Among snakes in our study, B. constrictor and Helicops carinicaudus had the highest infestation rate. The ticks obtained from these species contributed 83.7% of all A. rotundatum collected (144/172), with 41.9% (72/172) coming from each species of snake (Table 1). However, on B. constrictor, ticks were collected from 10 animals, while on H. carinicaudus all ticks were collected from one animal with a high degree of parasitism (Table 1). Additionally, A. rotundatum infested five additional snake species in this study: Eunectes murinus (11/172), Bothrops leucurus, (6/172), Python spp. (4/172), Waglerophis merremii (1/172), and Micrurus lemniscatus (1/172) (Table 1). Two more reptiles were infested by A. rotundatum, one Iguana iguana, and one Mesoclemmys tuberculata tortoise (Table 1).
The other tick species identified belonging to the Amblyomma genus were A. nodosum and A. varium with frequencies of 8.8% (21/238) and 4.6% (11/238), respectively (Table 1). Adults of A. nodosum and A. varium were found parasitizing mammals of the species Tamandua tetradactyla and Bradypus torquatus, respectively (Tables 1, 2).
Adults and nymphs of I. loricatus were found only in the mammalian hosts Didelphis aurita and Didelphis albiventris, accounting for 12.6% (30/238) of ticks collected. These two species of marsupials represent 50% of all infested mammals examined in this study (Table 1). The one specimen of R. sanguineus found in this study (0.4%; 1/238) was collected from Cavia aperea (Table 1).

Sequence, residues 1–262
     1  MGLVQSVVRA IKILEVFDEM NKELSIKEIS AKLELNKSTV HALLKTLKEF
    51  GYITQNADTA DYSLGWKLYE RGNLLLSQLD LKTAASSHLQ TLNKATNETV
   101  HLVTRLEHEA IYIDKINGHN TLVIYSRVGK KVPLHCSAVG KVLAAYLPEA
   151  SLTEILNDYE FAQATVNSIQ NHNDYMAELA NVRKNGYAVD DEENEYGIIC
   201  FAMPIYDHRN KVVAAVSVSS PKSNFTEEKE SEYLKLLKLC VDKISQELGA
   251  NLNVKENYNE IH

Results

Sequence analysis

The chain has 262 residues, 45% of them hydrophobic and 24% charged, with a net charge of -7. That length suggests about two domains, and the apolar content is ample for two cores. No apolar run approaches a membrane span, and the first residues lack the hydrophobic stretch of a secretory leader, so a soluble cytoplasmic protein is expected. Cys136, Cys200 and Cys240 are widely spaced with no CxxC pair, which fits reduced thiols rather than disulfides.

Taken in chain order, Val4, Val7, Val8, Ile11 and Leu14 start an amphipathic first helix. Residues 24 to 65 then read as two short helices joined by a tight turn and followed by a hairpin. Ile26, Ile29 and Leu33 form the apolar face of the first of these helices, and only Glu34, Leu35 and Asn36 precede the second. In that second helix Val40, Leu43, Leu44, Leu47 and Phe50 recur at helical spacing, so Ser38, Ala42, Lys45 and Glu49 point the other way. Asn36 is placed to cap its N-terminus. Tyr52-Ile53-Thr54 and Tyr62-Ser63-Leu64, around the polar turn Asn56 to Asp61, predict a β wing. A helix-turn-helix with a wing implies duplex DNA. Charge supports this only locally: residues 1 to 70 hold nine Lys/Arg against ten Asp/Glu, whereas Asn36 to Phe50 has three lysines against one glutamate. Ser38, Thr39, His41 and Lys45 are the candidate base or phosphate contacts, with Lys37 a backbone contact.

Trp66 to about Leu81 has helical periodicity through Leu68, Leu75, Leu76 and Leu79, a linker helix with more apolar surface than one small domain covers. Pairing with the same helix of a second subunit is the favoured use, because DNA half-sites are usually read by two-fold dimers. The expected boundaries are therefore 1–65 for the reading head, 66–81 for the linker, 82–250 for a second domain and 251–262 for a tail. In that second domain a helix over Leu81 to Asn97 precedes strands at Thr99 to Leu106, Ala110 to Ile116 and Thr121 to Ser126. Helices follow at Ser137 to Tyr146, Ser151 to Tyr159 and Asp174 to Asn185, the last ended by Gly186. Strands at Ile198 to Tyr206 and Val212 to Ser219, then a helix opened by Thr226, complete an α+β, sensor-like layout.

Identification of Pathogens in Tick DNA Samples
A total of 36 DNA samples from A. rotundatum, A. nodosum, A. varium, and I. loricatus were obtained and evaluated for the presence of pathogens (Table 3). Our results showed no amplification for Babesia spp. or Ehrlichia spp. DNA in all samples tested. Rickettsia spp. were detected in three samples obtained from midgut or whole ticks. Of these three positives amplicons for Rickettsia spp., two originated from A. nodosum collected on T. tetradactyla, and one from A. varium collected on B. torquatus (Table 3). A. rotundatum and I. loricatus collected from reptile and amphibian hosts presented negative results for detection of Rickettsia spp. DNA.